Try something new...  Chances are, you're trying to grind through some project that you'd really like to finish, but you've spent too long doing too much of the same.  Of course you'd like to play that new 2000-point Ultramarine army you've been itching to try, but halfway through you are sick of so much blue and can't bring yourself to paint another Marine.  That's OK, put the current project aside and work on a different one.  Refresh yourself by painting a warband from a different game or a team for Blood Bowl or Guild Ball, or a Necromunda gang or something.  Just don't get involved in something equally as large or daunting.  That's why I like skirmish games.

... but don't get into too many projects at once!  It's all too easy when changing things up, to suddenly find yourself halfway through not one project, but three or four.  That's as discouraging (possibly moreso) than one unfinished project.  So take a moment to consider one question:

What's the "One"?  Identify one thing as your "main" project and make sure that's what you keep coming back to.  Don't be afraid to set it aside (or even step away completely) from time to time, but the feeling of satisfaction from finally finishing a squad or a team (or even an entire army!) is very rewarding.  
Okay, your hobby doesn't have to make you feel like this ALL the time,
but you get the idea.

Put aside the distractions:  While playing a video game or watching your favorite shows may be a good break to recover from your burnout, take care not to let them distract you from your hobby for so long that you just don't care to return.  The rewarding thing about this hobby is that it's interactive - even if you are a painter who doesn't play any games, you're still a participant and not merely an observer.  Some people watch TV shows in the background while they are painting - but I can't help but think that this doesn't possibly help to focus on what you're actually doing.

For instance, I find Minecraft to be an incredibly enjoyable distraction - quite possibly the most advanced time-wasting invention of its time - but my painting table is just to the right and when I look at the unfinished squad I'm looking forward to playing, I realize that breaking rocks won't get them done.  I can imagine that I'll be spending a lot of hobby time on the new Battletech video game once I get it - but there's also a very good possibility that it will reignite my interest in the game it's based on, and I fondly recall all the weekly games we played all through my college years.  I've still got some of the 'Mechs I painted 30 years ago, and they're honestly not too badly painted (I regret giving away the rest of them - more on that later).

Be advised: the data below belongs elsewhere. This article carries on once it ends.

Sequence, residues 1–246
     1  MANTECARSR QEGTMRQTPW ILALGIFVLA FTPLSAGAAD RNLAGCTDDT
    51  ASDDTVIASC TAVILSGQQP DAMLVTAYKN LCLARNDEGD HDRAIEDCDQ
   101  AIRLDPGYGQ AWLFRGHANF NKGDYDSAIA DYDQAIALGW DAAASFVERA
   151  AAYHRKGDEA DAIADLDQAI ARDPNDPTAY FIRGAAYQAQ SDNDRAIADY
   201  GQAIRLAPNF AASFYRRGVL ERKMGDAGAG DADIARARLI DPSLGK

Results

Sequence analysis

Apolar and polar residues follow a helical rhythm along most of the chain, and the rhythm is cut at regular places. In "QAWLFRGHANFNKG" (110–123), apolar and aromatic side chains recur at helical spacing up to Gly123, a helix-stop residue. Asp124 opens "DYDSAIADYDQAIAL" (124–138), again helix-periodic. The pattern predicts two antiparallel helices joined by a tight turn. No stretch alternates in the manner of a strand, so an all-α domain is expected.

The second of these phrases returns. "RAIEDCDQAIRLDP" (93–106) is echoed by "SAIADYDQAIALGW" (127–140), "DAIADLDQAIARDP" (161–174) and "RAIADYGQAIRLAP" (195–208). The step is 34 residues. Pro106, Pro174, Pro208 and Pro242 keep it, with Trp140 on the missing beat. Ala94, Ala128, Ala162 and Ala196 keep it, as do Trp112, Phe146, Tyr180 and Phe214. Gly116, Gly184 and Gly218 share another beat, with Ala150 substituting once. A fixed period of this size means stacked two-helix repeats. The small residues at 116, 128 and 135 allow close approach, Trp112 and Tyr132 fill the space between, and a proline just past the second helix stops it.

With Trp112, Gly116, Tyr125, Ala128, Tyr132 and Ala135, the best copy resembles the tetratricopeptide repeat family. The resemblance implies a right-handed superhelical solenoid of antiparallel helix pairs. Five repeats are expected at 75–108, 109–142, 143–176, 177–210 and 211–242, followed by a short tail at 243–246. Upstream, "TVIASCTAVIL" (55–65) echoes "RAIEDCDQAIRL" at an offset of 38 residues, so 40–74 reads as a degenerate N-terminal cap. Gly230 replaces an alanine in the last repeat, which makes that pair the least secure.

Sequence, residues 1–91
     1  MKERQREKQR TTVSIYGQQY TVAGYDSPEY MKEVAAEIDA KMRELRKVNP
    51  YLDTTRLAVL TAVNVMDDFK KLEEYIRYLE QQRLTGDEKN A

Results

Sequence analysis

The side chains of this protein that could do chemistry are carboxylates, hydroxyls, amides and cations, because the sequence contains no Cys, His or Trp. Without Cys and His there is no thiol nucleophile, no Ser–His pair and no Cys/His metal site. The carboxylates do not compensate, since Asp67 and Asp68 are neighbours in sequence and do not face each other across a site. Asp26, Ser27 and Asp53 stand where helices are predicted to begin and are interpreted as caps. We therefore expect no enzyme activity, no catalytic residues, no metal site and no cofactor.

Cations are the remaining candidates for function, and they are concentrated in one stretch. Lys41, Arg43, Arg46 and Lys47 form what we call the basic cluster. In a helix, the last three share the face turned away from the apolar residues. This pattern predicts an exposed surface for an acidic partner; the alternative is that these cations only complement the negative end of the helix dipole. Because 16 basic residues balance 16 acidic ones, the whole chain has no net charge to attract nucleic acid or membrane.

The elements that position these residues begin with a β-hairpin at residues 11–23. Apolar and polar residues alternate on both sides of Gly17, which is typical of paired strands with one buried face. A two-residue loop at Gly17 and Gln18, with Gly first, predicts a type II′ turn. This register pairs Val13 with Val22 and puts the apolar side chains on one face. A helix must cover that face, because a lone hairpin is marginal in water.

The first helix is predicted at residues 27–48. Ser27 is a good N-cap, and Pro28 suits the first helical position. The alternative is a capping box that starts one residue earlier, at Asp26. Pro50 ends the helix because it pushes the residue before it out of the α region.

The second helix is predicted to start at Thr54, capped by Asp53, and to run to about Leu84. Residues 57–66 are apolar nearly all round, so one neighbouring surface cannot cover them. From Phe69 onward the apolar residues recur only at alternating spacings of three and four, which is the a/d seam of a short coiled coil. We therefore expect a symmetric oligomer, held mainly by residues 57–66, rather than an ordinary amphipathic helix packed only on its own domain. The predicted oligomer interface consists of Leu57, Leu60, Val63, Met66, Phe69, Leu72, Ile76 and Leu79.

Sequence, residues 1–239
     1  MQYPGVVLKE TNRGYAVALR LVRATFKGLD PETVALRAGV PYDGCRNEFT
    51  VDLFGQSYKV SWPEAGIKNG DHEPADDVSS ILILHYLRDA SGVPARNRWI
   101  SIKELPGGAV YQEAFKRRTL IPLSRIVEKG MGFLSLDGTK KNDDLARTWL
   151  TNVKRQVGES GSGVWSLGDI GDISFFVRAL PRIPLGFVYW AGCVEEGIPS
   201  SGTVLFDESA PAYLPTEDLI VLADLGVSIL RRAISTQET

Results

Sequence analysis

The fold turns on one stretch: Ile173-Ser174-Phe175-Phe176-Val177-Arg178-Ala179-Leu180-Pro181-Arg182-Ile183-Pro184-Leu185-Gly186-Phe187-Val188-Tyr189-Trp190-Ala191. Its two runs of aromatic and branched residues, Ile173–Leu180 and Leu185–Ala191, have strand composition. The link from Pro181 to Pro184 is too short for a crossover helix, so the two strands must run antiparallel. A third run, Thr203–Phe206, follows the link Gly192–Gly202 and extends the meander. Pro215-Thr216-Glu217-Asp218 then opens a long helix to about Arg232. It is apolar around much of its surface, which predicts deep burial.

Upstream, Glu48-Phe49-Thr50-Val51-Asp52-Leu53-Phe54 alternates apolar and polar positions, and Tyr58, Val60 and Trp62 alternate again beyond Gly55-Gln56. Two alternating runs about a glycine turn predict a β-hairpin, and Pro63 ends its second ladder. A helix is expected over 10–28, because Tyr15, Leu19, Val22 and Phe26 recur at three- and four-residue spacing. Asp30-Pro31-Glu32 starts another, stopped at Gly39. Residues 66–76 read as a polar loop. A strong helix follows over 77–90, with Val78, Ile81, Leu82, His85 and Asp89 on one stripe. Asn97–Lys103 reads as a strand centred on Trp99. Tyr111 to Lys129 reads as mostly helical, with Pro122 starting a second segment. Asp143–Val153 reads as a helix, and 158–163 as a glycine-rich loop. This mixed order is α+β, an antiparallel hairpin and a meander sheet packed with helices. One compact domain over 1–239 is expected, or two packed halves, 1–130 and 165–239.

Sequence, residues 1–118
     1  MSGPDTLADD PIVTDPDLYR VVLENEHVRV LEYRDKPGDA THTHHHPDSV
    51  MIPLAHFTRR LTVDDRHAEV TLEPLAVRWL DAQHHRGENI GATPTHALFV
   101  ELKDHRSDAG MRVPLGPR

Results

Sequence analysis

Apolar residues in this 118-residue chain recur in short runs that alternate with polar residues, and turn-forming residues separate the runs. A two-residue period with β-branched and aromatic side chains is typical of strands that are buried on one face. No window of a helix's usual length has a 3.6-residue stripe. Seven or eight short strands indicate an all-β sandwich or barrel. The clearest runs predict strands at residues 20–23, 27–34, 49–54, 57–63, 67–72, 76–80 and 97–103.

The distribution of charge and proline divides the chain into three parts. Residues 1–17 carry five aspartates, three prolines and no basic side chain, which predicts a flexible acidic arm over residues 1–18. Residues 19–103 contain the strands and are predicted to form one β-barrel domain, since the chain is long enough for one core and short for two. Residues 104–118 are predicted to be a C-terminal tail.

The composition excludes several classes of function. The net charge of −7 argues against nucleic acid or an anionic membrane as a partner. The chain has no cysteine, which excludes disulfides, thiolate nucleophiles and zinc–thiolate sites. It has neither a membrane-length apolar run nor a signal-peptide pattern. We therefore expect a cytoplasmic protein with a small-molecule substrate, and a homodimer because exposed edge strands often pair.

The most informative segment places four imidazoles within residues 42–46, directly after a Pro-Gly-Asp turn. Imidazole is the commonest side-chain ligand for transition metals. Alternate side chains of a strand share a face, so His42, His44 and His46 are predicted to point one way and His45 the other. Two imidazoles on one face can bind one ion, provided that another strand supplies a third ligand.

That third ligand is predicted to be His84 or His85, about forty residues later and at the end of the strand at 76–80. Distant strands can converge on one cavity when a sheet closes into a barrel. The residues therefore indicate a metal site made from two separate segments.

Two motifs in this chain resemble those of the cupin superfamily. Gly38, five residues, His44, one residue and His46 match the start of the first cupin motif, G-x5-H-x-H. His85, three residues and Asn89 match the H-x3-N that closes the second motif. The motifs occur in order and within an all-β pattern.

Clear up the clutter... Many times, all that's discouraging us is clutter - whether its an untidy painting area, disorganized bookshelves, or drawers (or even closets) full of things you want to get around to eventually.  That backlog can be daunting, and might even put you off from working on your current project.

Take the time to organize your workspace and your shelves.  Put all the stuff you're not working on out of sight - stow all those unopened boxes and unpainted models and sprues.  Make sure everything in your painting area is tidy and close to hand - and that the models on your desk are just your current project, and maybe the one side project you work on when you need to switch things up.